Similarly, AI-based smart solutions in health such as remote diagnosis, solutions in education such as automatic translation in Indian languages can be explored. I was glad to see a presentation recently on a tool developed by AICTE that uses AI to automate translation from English to 11 Indian languages. Clearly, the possibilities of AI are limitless.

On the same note, I urge universities to work with local governments and develop intelligent solutions in governance and welfare. This will not only give exposure to students to test their knowledge in the real world, but can also help in coming out with innovative solutions to some of the societal problems, apart from improving access to government services and enable them to work on longstanding issues such as seamless mobility in cities.

Young friends,
I am happy to note that IIT Jodhpur and other regional institutes have already been taking firm steps in this direction to collaborate with others. It gave me immense pleasure to inaugurate the Jodhpur City Knowledge and Innovation Cluster earlier today.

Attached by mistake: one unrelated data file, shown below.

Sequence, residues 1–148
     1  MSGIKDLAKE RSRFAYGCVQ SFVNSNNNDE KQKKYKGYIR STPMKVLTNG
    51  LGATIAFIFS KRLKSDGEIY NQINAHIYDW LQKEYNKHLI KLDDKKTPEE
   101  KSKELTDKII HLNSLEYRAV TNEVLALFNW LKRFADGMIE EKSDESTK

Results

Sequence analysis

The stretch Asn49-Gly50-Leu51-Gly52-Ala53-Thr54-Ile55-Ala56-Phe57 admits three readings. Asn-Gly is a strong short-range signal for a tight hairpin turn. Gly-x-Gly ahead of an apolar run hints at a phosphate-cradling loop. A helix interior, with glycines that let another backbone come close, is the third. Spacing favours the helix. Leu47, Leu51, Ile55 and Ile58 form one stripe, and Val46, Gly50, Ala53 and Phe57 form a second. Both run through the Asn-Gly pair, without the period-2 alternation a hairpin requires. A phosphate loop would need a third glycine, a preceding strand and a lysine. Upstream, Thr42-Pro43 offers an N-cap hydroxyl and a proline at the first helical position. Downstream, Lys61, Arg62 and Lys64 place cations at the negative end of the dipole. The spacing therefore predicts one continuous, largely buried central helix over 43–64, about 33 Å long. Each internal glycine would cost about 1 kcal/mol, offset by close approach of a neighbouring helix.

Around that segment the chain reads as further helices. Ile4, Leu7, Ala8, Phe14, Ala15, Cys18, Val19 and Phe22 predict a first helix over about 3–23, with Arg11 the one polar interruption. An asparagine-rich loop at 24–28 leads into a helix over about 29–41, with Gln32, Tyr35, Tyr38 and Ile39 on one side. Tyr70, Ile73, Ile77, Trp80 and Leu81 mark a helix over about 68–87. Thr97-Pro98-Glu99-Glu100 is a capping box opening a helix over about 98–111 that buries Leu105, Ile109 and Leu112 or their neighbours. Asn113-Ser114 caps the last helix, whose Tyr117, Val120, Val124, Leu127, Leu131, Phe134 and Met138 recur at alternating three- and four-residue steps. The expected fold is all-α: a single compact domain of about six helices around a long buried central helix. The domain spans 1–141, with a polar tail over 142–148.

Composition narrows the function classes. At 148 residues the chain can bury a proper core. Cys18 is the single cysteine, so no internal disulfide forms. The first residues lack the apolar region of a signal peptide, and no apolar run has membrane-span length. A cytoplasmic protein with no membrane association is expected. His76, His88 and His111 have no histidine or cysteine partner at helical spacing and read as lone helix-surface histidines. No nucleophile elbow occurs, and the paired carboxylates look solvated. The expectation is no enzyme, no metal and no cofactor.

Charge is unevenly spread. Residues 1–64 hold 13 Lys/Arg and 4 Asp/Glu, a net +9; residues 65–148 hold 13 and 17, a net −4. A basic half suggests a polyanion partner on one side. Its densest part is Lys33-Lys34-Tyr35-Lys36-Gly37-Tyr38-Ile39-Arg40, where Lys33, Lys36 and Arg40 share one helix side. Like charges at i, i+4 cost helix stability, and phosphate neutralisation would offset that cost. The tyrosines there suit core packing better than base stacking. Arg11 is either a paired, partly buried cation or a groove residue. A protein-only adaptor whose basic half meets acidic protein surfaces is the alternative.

In my opinion, it is an excellent endeavour that connects and draws upon the synergies in the worlds of medicine, technology, handicrafts, governance, among others. With participation from regional partners such as IIT Jodhpur, AIIMS Jodhpur and more than 20 other institutions, this initiative will ensure sustainable, systematic and collaborative development of the city of Jodhpur.

We need more such innovation clusters and collaborative initiatives between various universities, government institutions and private organisations. Such clusters will ultimately bring great benefits to the people of a region by building on each other’s expertise and sharing of knowledge.
 
Friends,
It is my firm belief that educational institutions such as yours should become the hubs of these innovation clusters. Premier institutes like IITs need to proactively share expertise and best practices with other educational institutes in their region. Innovation and collaboration should be embedded into the very DNA of higher education institutions.

This is the foundational principle of the National Education Policy 2020, a visionary document. It has quite rightly recognized the importance of multidisciplinarity in education, encourages collaboration and seeks to foster innovation.